Band of the Wild is kind of similar to Hanna Andersson in the sense that their Halloween options double as both PJs and costumes. They have flowers, mushrooms, unicorns, cheetahs, bunnies, dragons, and more. Most of their size options range from around 18 months to 8 years.
Most of their costumes and pajamas are made out of 95% cotton plus 5% spandex, and they are all made in the USA. They also have other sustainability initiatives, including increasing their use of organic, locally-sourced, and upcycled cotton; using eco-conscious packaging; and recycling their fabric scraps.
Etsy is another great place to find Halloween costumes made out of natural, organic, and non-toxic materials. Most of the available costumes are handmade by small businesses, seamstresses, and artists (many of them parents themselves!).
Additionally, many sellers are willing to customize things if you message them and ask, which can be essential for parents of kids with sensitive skin, allergies, or other needs.
- Here are some beautiful butterfly and dragon wings made from OEKO-TEX and/or GOTS certified organic and conventional cotton.
- Here are some super cute fox, mouse, and bear costumes made out of mostly GOTS certified organic cotton, which are good for kids ~1-6.
- Here are some ghost capes that are made out of cotton and come in sizes for babies to 5-year-olds.
- Here is an Astronaut costume made from cotton and comes in toddler sizes.
- This shop offers handmade condiment and M&M costumes made primarily out of cotton.
- And these butterfly wings are made out of satin and each purchase supports pollinators!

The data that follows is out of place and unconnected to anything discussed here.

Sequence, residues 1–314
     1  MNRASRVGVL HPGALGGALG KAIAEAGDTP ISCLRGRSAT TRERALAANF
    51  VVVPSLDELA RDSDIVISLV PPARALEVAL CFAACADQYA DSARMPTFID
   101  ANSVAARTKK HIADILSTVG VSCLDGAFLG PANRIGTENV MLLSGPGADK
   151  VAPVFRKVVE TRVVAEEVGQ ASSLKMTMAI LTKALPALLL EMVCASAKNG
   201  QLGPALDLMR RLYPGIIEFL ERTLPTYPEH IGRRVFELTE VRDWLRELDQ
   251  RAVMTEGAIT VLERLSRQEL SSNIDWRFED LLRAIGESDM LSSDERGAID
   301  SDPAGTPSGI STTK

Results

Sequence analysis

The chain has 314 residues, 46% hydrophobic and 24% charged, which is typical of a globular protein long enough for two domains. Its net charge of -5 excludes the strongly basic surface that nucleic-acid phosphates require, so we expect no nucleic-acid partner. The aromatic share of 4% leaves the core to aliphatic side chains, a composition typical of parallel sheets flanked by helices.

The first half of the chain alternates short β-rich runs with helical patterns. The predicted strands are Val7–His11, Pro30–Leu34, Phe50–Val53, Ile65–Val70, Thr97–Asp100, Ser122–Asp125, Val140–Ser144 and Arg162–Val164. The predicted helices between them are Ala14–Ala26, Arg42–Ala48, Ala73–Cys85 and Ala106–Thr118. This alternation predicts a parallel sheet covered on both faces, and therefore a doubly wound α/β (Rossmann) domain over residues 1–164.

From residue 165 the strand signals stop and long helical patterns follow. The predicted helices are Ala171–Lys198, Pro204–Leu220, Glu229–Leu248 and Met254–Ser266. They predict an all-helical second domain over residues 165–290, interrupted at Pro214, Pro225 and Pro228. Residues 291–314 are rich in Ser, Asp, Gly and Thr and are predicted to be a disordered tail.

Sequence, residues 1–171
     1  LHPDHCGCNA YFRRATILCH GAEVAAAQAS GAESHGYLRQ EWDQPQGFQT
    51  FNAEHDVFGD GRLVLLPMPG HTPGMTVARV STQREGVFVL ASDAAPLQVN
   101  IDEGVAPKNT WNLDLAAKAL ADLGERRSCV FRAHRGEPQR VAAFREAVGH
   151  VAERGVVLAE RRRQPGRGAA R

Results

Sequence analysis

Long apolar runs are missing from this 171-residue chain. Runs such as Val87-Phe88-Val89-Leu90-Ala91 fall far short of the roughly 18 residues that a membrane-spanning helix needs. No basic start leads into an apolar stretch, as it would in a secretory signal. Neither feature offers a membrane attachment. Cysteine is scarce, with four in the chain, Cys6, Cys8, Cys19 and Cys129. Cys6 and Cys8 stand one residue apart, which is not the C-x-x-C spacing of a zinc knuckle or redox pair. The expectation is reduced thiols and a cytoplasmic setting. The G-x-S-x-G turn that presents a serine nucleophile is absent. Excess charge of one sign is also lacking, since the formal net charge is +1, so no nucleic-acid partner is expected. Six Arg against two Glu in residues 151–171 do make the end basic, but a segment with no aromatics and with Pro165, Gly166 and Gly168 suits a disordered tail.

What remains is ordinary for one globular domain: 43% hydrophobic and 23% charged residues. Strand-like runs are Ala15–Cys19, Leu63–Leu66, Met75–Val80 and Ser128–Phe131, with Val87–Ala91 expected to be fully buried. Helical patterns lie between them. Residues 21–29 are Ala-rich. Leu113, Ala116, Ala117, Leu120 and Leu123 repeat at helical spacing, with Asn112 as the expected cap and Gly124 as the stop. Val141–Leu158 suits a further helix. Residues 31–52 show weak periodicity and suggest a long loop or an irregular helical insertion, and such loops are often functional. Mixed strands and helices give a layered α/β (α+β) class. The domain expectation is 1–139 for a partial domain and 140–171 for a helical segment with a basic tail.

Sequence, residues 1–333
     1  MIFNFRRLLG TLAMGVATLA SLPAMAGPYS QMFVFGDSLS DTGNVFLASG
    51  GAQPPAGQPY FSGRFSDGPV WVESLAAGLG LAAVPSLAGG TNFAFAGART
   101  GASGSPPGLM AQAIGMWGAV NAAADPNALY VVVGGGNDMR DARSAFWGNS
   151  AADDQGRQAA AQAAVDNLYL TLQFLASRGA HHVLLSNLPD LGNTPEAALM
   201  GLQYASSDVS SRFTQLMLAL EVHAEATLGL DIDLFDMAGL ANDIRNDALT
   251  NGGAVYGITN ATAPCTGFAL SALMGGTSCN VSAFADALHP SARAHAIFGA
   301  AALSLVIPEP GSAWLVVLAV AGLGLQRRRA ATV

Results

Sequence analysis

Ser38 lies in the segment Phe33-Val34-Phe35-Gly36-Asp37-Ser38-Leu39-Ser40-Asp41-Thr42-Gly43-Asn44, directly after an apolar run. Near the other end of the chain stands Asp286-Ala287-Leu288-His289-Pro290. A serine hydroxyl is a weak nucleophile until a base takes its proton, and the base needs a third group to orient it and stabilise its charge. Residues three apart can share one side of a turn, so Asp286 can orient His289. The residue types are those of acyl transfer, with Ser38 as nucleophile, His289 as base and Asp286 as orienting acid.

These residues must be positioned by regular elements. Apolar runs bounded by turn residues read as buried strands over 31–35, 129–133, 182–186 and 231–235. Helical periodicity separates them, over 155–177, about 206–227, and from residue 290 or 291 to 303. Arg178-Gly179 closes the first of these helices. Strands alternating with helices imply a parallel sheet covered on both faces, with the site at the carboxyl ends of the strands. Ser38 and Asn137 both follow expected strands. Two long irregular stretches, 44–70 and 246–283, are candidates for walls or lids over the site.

Sarah’s Silks is another great place to find beautiful Halloween costume accessories! They have a lot of options for fairies, butterflies, princes & princesses, and things like that, but they also have other options like bat wings, animal ears/tutus (like tigers, Dalmatians, etc.). They don’t offer entire costumes, so you’ll have to pair the capes and accessories with matching clothing to make a whole outfit.
Everything is ethically made out of natural and pesticide-free mulberry silk.
Boden carries several Halloween costume pieces that are made with polyester on the outside and cotton linings. They have a witch/wizard hat, a cat cape, and a glow-in-the-dark skeleton sweatsuit, as well as some Halloween-themed clothing, too.
Primary is a colorful kids’ clothing brand that offers ethically made cotton apparel. (Most of their cotton is conventional right now, but they have started introducing some GOTS certified organic cotton into some of their products.)
They actually offer a really fun and super helpful DIY resource with tons of ideas for Halloween costumes, complete with step-by-step directions. They suggest using their colored clothing for the base of the costumes, but of course, you could totally use clothes you already own. They have TONS of ideas, from coordinated family costumes (BLT sandwich! Emojis!) to pop culture characters (Hamilton! Game of Thrones!) to classic Halloween costumes like witches and lions. So cute.
Bella Luna also offers various Montessori-inspired dress-up accessories, including costumes for knights, wizards, robin hoods, dragons, butterflies, and more.
Most of these are made out of synthetics like polyester and lycra, but are free from things like PVC. Many of them are made by small businesses in the USA.